After my first experience of NaNo back in 2012, I realised that my writing required a little more planning if I hoped to produce a coherent and interesting story. Of course, the limitations of writing 50,000 words in one month was always going to leave me with a jumble of disjointed paragraphs, disconnected sub-plots and – if I’m honest – a pile of garbage masquerading as some kind of story. I knew that, I expected nothing more. But the problem came when I attempted to organise the end result, in the hope of piecing it together to create a meaningful novel. I’d written the ‘story’ in Word and it took a lot of cutting and pasting to get back on track. In fact, it probably took longer to do this than it had to write the whole thing. I needed a better way of working if I was serious about completing the book.
There are lots of free writing software packages to be found – and I particularly liked one called yWriter. It has been created by a best-selling author who also is a software developer, hence the two skill sets combine to create this very versatile package. It allows you to
- break your novel down into chapters and scenes, (which you can move about easily, without needing to rename)
- produce auto synopsis and summaries,(even display your work as a storyboard to enable you to check the flow of the plot visually)
- upload images to a character, scene or location,
- include notes for your scenes, locations and characters
- automatically backup your work
- easily imports from / exports to Word (with few formatting prerequisites)
In the end, I decided to import my NaNo effort into this software and was able to make significant changes – at speed! So much better than working in Word. I used it again and again, both for the next Camp NaNo challenges and for other work-related projects.
However, as with all technology, there is always an improved version in the offing, and whilst yWriter had proven to be a blessing in disguise in re-organising my first draft into a working manuscript (almost), I was easily distracted by another package, which seemed to have more ‘bells and whistles’.
Did I really need to change? No!
Do I need to upgrade my phone every couple of years? No! But, I do, nonetheless.
It was inevitable that something would come along and tempt me to change, because there is always the chance that the next piece of kit will be even better for my needs, even easier to use and offer even more shiny add-ons! (OK, I am a bit of a geek and do like to keep up-to-date with the latest techie gadgets and trends).
After NaNo 2013 (written in yWriter), I noticed that they were offering a 50% discount on Scrivener software. Yes, this meant paying for software to replace a perfectly good and reliable product, so it had to be impressive if I was to spend money on it. I decided to take the 30 days trial, just to see what it was like. No pressure – the offer was valid for 4 months, so there was no immediate rush. I watched the tutorial and quietly nodded to myself, appreciating the new functions and recognising that they might make my life easier and save me a few nanoseconds during each writing session. As I tried it out for myself, it became apparent that many of the ‘cannot-live-without’ functions were not available to me, only to MAC users. Even I was not so gullible to think that buying a MAC would be the answer! So, I persevered and checked out the tools in the Windows version.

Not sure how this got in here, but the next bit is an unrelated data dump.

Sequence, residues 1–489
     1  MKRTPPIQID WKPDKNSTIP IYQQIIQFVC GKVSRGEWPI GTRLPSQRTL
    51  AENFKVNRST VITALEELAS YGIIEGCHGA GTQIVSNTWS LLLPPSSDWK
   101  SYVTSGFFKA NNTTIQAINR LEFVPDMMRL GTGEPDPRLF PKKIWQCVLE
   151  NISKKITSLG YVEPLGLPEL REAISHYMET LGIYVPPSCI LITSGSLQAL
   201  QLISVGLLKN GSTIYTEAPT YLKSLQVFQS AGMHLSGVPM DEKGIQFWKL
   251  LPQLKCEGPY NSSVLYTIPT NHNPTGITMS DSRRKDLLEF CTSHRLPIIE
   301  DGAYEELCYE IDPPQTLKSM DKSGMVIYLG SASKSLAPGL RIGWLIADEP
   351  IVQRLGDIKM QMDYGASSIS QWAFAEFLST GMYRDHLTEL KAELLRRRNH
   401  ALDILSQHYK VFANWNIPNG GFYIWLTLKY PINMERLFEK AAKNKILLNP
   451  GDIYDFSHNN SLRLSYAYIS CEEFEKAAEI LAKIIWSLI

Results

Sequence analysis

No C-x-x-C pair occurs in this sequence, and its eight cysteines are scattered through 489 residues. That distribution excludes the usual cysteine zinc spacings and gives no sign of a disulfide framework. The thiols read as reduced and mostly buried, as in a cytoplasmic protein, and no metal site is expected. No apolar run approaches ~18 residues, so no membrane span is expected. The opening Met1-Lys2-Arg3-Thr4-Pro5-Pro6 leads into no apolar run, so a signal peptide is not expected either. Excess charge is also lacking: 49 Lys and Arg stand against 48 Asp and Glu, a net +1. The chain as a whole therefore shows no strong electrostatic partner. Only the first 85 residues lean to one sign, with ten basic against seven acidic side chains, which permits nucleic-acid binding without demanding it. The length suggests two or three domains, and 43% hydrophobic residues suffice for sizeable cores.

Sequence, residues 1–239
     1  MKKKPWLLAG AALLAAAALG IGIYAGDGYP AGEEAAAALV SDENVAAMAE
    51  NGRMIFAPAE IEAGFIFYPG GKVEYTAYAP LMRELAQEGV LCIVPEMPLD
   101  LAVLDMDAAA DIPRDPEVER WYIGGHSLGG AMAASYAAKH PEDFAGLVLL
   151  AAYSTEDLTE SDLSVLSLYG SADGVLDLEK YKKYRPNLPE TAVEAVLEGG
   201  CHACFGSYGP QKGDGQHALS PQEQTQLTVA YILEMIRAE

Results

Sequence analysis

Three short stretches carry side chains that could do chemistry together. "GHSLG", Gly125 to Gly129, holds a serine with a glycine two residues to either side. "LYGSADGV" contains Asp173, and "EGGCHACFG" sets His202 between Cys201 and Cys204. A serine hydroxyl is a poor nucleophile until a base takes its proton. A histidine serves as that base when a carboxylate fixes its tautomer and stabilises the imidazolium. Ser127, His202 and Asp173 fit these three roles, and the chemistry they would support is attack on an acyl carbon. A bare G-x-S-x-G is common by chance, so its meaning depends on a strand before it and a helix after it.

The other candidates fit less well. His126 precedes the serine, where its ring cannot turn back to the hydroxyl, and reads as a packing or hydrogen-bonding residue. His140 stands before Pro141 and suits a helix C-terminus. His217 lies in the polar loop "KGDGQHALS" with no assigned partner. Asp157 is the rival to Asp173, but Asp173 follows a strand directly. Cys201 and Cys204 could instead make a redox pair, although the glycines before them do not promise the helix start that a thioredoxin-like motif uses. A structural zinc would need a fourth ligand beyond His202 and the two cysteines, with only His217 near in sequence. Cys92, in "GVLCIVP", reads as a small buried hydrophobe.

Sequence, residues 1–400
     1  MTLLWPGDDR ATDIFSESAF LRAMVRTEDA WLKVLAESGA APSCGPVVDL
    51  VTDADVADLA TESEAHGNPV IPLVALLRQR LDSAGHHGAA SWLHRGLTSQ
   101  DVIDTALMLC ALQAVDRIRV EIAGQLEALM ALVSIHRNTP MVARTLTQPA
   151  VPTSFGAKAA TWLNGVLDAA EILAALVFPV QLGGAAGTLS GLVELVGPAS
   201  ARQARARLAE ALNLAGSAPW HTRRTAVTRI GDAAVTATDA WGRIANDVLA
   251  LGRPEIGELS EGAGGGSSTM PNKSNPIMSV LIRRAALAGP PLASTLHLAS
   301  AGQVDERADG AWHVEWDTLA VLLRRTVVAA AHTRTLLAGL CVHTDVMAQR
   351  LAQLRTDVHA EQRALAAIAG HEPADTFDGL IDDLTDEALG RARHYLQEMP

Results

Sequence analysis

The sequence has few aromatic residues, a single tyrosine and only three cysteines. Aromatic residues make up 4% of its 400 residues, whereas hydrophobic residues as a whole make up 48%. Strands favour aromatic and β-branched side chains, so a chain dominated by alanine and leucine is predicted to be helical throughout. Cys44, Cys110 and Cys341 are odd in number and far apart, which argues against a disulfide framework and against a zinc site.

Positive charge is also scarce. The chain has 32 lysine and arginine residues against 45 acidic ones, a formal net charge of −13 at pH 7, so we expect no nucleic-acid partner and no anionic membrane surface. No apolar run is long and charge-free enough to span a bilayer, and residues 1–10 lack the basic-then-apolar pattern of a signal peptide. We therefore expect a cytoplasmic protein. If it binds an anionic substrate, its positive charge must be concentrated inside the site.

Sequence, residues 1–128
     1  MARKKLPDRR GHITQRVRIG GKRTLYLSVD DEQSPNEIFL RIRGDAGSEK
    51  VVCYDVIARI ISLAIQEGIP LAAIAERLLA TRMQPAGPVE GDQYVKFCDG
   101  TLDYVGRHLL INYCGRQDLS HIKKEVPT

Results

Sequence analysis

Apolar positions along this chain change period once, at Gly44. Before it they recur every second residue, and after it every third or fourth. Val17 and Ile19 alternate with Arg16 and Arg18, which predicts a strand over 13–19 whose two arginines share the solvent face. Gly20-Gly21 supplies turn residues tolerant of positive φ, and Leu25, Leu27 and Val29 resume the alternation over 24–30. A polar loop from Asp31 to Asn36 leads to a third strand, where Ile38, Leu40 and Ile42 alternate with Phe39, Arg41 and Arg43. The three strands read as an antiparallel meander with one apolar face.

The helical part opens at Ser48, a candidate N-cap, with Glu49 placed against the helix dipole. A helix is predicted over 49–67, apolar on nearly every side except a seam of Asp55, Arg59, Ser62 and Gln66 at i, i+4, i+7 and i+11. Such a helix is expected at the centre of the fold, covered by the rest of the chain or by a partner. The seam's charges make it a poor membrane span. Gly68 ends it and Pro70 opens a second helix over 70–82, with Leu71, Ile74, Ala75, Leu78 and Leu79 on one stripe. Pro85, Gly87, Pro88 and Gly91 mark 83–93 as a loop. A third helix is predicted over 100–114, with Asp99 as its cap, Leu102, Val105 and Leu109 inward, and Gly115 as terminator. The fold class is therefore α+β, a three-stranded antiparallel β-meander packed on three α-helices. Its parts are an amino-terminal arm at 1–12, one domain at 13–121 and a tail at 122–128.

I loved the ‘corkboard’ view, which is great for outlining a story and which can be re-arranged simply by dragging and dropping. Also, the split-screen option, allowing me to have two different scenes open – this helps me particularly when dealing with flashbacks or continuity issues. There is a selection of templates for different writing styles, you can change the font type as you would in Word, there is even a name-generator which keeps me entertained constantly. (Yeah, I did keep running it until it returned my own name – I somehow felt validated by it! 😀 ) It offered all the standard tools as are present in yWriter, but the extras are too numerous to mention. Suffice it to say, I loved using it then and still do now. The more I use it, the better and more familiar I become with it. Again, I ask myself, did I need it? The answer will always be ‘No’, but then again, when has that ever stopped any of us?
So, what do you use to write?
I am very happy with Scrivener and can’t see me changing for a while, I need to concentrate on finishing my books rather than learning new software.
Unless, you know of something better 😀